In addition to co-writing, Grant and Miao also produced and starred in BFF. Grant plays Harriet, a young comic-book artist who is leaving Los Angeles to start over in Texas, and Miao plays Reba, Harriet’s “BFF” who joins her on the road trip. Sharing similarities with her character, Grant is a native Texan currently living in LA, she co-wrote a 1920s comic book series about zombies titled “We Will Bury You,” and is currently working on a second series called “Suicide Girls.” Miao, on the other hand, was born and raised in Guam and has quite a unique background. “[Before getting into acting,] I was the Executive Director of a nonprofit organization,” she says. Though, Miao did live briefly in Texas while growing up, and, according to her website, veramiao.com, she “is most widely known for her sensitive portrayals of Asian-woman-in-a-blazer.” Also starring in BFF is Sean Maher, whom some might remember from Party of Five, but everyone who worships the name of Whedon will recognize from his portrayal of Dr. Simon Tam in Firefly and Serenity.
Filming almost entirely on location in Marfa, Texas, the film crew ran into plenty of difficulties. Because Marfa is in the middle of nowhere, they would sometimes end up driving for days looking for locations to shoot. BFF was also filmed on Super 16mm film, which provides a better quality and resolution in the final product, but is limiting at the same time. “There were days when I could only shoot 1,200 feet of film, and anybody who’s ever worked with film knows that’s really, really limited,” says Grant. After each day of shooting, they would have to send the film off to be processed, and then they would wait at least three days before getting to see whether or not the shot worked the way they wanted it to. Then there was the car. There’s a reason Shannon Deane, the movie’s Sound Recordist, is also credited as “BFF ’76 AMC Pacer Mechanic” at the end of the film. Miao says, “We lost a lot of time [because the car wasn’t working], and without [Deane] … we wouldn’t have had our picture car operating.”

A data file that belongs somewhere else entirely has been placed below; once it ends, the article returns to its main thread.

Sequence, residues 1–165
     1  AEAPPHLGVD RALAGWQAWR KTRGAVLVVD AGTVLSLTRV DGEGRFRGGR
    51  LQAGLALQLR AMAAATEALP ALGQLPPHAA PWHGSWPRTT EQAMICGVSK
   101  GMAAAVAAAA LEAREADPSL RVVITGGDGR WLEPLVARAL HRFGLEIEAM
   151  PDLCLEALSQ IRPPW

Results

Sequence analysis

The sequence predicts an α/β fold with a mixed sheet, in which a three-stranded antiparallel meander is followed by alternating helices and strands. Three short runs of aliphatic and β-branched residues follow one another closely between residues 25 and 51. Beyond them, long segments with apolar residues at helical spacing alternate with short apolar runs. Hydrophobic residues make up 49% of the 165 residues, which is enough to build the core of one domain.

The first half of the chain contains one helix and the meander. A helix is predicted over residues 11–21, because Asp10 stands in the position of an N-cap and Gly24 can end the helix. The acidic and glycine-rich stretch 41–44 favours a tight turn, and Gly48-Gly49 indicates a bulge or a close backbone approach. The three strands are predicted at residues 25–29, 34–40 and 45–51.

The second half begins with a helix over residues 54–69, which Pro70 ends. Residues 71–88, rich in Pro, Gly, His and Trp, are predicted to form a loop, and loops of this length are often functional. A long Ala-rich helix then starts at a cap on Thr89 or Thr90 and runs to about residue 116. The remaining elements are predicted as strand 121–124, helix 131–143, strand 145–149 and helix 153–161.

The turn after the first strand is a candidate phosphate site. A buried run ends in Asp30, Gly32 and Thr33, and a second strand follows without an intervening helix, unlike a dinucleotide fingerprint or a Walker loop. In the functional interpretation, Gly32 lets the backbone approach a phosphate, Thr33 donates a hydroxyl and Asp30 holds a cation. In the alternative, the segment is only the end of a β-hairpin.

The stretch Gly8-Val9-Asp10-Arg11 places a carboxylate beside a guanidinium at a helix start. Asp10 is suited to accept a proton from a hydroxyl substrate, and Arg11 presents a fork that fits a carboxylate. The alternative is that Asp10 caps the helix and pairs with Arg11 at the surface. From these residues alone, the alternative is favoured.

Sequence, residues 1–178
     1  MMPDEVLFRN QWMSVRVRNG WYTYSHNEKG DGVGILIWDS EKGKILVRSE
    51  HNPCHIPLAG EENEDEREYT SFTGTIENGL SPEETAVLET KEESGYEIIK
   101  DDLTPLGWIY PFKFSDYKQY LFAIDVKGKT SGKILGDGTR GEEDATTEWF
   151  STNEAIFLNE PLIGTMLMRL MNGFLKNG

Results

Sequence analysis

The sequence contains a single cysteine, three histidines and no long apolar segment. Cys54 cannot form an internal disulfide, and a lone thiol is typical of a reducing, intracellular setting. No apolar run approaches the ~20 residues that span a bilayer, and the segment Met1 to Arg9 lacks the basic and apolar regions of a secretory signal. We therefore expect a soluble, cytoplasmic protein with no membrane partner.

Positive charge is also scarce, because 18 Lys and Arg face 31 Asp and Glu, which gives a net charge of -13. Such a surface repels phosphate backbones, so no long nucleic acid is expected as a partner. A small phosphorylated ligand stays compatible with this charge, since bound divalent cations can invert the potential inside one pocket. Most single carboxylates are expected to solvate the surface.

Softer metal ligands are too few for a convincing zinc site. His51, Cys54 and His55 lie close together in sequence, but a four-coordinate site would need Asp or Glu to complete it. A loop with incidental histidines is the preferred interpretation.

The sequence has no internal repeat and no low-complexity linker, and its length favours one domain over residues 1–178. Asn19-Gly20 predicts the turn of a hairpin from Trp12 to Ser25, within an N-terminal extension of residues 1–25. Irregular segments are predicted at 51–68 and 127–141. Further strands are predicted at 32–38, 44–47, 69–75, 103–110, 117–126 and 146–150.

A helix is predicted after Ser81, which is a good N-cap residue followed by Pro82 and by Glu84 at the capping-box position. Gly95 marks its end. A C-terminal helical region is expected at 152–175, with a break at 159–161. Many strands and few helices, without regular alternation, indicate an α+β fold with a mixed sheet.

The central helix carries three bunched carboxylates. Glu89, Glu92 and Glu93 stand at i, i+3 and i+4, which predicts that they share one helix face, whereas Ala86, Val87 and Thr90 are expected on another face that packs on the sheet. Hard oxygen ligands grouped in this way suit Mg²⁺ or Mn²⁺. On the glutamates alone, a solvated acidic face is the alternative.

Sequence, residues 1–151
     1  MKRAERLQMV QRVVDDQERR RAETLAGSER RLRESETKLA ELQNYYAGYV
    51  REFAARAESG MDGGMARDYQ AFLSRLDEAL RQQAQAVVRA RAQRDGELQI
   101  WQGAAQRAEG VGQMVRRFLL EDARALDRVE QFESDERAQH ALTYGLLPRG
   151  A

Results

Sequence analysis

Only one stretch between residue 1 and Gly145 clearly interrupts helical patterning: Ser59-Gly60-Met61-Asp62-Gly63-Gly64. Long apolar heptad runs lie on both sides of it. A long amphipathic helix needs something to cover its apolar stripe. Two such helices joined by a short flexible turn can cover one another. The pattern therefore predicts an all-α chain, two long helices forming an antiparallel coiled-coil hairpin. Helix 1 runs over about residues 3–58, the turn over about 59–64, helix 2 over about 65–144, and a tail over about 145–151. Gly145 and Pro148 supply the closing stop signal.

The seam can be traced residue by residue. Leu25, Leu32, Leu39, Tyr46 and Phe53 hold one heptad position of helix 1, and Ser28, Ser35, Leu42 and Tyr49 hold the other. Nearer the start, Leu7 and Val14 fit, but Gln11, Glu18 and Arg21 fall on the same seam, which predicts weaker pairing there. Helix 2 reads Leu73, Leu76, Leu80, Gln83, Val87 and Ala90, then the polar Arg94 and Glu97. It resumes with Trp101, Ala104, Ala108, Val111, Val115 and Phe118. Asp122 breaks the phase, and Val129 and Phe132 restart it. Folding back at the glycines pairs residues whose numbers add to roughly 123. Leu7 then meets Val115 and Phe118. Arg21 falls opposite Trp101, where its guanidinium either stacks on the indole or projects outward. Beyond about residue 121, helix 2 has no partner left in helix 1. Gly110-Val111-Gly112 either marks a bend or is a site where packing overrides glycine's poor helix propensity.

While Grant and Miao were able to fund the production of the movie itself, they needed some help to make it through post-production—so they turned to the crowd-funding magic of Kickstarter. They set a goal of $75,000, which Miao referred to as “a larger amount by Kickstarter averages,” and it made for a daunting task, considering the majority of their donations would come in $25 and $50 chunks. According to Miao, Kickstarter’s staff even “gently” encouraged them to lower the goal considerably, but they stuck with it. The campaign quickly turned into a full-time job for the producers of the film. “I tell people that some days, it was harder than working on production, which is crazy if you think about how hard working on production is … We had three people working on the Kickstarter campaign: Vera, me and our other producer, Stacey [Storey]. We would work around the clock … and we were always [making] videos,” says Grant. In fact, in the 36 days of their campaign, they posted 52 videos—including a fabulous tribute to Wayne’s World that features Grant, Miao, Storey and Grant’s dog, Hattie Jones, rocking out to Queen’s “Bohemian Rhapsody.” “I feel like this is the way the creation of art in general has been going for a while … because [Kickstarter is] the only way people can get things off the ground if they want to have total control over it, or if they don’t have the kind of profile or access to resources and money on their own,” says Miao. Before and during the campaign, artists Fábio Moon and Ryan Kelly created some intensely remarkable poster art for the film. In the end, with 939 backers, they raised $81,797—109 percent of the original goal.